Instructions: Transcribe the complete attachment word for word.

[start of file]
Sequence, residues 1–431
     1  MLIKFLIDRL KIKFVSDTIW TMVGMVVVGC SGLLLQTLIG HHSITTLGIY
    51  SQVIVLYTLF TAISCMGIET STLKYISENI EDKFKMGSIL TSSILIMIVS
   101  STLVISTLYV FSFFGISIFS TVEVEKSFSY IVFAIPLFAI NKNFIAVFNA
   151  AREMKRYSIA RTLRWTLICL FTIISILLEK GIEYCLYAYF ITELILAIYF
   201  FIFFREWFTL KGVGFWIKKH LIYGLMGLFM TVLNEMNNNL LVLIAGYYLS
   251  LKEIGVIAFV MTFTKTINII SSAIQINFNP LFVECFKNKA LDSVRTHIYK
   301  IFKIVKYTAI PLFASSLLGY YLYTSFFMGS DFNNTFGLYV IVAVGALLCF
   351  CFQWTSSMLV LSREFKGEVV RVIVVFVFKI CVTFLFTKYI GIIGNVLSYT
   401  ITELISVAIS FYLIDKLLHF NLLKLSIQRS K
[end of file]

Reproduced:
Sequence, residues 1–431
     1  MLIKFLIDRL KIKFVSDTIW TMVGMVVVGC SGLLLQTLIG HHSITTLGIY
    51  SQVIVLYTLF TAISCMGIET STLKYISENI EDKFKMGSIL TSSILIMIVS
   101  STLVISTLYV FSFFGISIFS TVEVEKSFSY IVFAIPLFAI NKNFIAVFNA
   151  AREMKRYSIA RTLRWTLICL FTIISILLEK GIEYCLYAYF ITELILAIYF
   201  FIFFREWFTL KGVGFWIKKH LIYGLMGLFM TVLNEMNNNL LVLIAGYYLS
   251  LKEIGVIAFV MTFTKTINII SSAIQINFNP LFVECFKNKA LDSVRTHIYK
   301  IFKIVKYTAI PLFASSLLGY YLYTSFFMGS DFNNTFGLYV IVAVGALLCF
   351  CFQWTSSMLV LSREFKGEVV RVIVVFVFKI CVTFLFTKYI GIIGNVLSYT
   401  ITELISVAIS FYLIDKLLHF NLLKLSIQRS K